What credit unions need to know about biometric payment cards

first_img 13SHARESShareShareSharePrintMailGooglePinterestDiggRedditStumbleuponDeliciousBufferTumblr U.S. credit unions continue to be on the forefront of payments evolution. In January, Visa announced it would begin testing a fingerprint-enabled credit card in the United States with Utah-based Mountain America Credit Union. Until now, testing of similar platforms has mainly occurred outside the country and with large banks. MasterCard, which piloted its biometric card with Absa Bank in South Africa, says it will be ready to roll the cards out in the U.S. by April 2019.What do Visa’s domestic testing and MasterCard’s newly announced timeline tell us about the near-term future of biometric payments? We asked CO-OP Product Manager Chole Casber for his insight…What kind of impact could a fingerprint-enabled payments card bring to the market?The most important benefit credit unions and their members could see from the introduction of a biometric payment mechanism like the ones Visa and MasterCard are testing is a potential reduction in fraud. Biometrics tend to be more secure than a PIN or signature. A PIN can be forgotten (or stolen), and a signature provides minimal fraud protection in-and-of itself. The lack of confidence in signatures can be seen in the recent decisions of major issuers to do away with signatures at the POS completely. continue reading »last_img read more

FIFA crisis sees governing body record £67million losses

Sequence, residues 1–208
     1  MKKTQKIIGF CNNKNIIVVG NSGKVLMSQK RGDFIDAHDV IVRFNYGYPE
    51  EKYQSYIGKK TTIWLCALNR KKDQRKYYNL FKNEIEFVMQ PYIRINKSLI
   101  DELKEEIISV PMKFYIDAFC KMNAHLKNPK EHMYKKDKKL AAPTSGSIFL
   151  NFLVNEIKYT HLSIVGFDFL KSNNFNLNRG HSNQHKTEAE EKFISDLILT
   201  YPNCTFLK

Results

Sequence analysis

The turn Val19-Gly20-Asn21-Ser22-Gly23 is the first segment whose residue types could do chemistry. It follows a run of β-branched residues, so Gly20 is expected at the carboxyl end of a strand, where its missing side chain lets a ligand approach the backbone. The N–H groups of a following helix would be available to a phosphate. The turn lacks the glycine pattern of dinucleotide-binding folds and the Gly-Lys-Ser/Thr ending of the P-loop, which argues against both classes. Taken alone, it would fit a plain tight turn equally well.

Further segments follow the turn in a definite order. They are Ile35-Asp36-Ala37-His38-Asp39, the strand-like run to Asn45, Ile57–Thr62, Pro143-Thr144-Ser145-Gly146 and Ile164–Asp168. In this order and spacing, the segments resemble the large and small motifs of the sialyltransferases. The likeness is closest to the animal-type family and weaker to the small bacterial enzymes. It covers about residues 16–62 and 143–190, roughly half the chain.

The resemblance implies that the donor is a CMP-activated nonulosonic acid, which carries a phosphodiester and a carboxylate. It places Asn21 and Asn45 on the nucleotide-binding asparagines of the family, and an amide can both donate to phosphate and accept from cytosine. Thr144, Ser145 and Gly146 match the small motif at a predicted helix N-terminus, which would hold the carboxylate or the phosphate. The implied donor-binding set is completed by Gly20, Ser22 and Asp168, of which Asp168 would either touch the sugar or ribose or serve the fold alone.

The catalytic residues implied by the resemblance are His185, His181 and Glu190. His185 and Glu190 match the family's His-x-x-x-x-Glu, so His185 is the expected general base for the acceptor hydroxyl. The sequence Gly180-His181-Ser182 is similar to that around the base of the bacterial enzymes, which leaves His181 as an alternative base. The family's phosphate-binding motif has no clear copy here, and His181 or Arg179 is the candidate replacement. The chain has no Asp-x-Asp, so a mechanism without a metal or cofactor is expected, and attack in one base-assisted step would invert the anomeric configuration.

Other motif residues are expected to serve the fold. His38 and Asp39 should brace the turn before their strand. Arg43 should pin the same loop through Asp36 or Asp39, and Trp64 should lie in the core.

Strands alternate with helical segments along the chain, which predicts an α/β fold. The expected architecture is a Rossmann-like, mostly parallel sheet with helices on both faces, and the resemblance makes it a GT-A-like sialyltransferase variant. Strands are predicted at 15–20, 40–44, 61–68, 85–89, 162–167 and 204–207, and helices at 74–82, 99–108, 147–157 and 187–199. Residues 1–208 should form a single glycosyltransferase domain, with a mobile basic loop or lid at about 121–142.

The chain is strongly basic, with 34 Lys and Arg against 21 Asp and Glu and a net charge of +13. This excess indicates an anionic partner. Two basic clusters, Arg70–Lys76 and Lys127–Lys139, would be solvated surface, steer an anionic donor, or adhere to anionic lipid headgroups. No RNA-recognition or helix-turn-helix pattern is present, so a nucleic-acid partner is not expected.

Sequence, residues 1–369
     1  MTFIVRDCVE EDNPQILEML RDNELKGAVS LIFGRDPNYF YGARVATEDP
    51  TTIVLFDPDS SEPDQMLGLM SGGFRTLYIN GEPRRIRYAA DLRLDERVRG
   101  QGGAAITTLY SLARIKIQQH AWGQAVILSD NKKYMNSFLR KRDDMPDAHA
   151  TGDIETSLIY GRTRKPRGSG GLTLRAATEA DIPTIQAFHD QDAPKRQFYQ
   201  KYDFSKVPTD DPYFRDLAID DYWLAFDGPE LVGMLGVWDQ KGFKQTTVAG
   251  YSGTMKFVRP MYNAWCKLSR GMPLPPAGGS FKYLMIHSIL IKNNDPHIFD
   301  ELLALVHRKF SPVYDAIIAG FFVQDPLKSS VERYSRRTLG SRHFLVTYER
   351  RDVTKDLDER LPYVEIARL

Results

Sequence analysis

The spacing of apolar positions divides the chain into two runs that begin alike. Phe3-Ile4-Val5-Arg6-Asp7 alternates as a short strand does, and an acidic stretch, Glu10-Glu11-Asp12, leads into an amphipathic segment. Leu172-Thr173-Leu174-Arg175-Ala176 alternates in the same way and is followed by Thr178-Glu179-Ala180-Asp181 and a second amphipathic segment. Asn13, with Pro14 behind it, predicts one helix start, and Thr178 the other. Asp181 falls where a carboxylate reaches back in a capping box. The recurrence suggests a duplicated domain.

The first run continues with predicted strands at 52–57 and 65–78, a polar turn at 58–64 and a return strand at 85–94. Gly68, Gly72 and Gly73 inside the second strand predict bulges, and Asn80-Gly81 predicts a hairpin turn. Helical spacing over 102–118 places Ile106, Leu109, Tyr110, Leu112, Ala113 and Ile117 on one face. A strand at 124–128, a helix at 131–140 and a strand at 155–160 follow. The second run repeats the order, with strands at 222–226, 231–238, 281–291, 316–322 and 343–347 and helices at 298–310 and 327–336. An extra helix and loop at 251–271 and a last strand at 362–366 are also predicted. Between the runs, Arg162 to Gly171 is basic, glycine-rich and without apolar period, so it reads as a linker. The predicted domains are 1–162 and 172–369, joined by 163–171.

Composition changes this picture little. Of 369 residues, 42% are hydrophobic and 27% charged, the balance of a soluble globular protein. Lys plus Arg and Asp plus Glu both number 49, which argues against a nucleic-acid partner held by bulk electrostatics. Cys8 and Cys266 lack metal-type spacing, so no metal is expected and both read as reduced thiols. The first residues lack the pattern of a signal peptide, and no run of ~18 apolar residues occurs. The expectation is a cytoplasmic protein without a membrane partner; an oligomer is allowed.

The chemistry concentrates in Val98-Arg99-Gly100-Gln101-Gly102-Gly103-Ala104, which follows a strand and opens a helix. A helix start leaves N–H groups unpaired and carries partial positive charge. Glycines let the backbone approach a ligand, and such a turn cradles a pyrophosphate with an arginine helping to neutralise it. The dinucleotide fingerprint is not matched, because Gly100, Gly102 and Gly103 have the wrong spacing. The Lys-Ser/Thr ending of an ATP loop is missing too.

first_img 1 Getty FIFA’s crisis has caused a serious financial blow for the organisation which has suffered a £67million financial loss in 2015, it can be revealed.A drop in income after sponsors – and huge legal bills following the corruption scandal – has seen the world governing body hit hard in the pocket. FIFA’s executive committee members were told on Wednesday the losses for the year totalled 103m Swiss francs, according to insiders. It is the first time the body has reported a loss since 2001.FIFA has so far been unable to replace top tier partners Emirates and Sony – plus second tier sponsors Castrol, Continental, Johnson & Johnson – due to its toxic brand.The revelation of the deficit will put pressure on FIFA’s ExCo members to vote for proposed reforms at its meeting on Thursday in order to attract new sponsors. The organisation has already made significant savings to reduce the level of the deficit.FIFA’s income always drops in the year after World Cups but it has always previously managed to make a surplus – in 2011 it made a £24million profit which was added to its reserves which currently total around £1billion.The legal bills are also significant – suspended president Sepp Blatter brought in a team of American lawyers after the US justice department announced its indictments of 18 officials on football-related corruption charges in May. Blatter and other senior FIFA executives are also believed to be under investigation by the FBI.FIFA’s last annual deficit came in 2001 when the bankruptcy of its marketing partner ISL saw the world governing body end the year in the red and forced to take out a £118million bridging loan.The proposed reforms to be voted on at FIFA’s ExCo meeting on Thursday include 12-year term limits for the president and ExCo members, financial transparency including the salary paid to the president and senior officials, plus some independent members sitting on the ruling committee.Michel D’Hooghe, the Belgian who is the FIFA ExCo’s longest-serving member, said that the future of the organisation depended on the reforms being passed.D’Hooghe said: “Don’t think that FIFA is dead. I have the assurance that if FIFA and the Congress can accept the reforms then FIFA has a good future. But we must know that this is a deep crisis, we must accept that and approach that with great humility.“This is a difficult moment financially but the expectations are good I’m sure in the longer term FIFA will overcome that.”last_img read more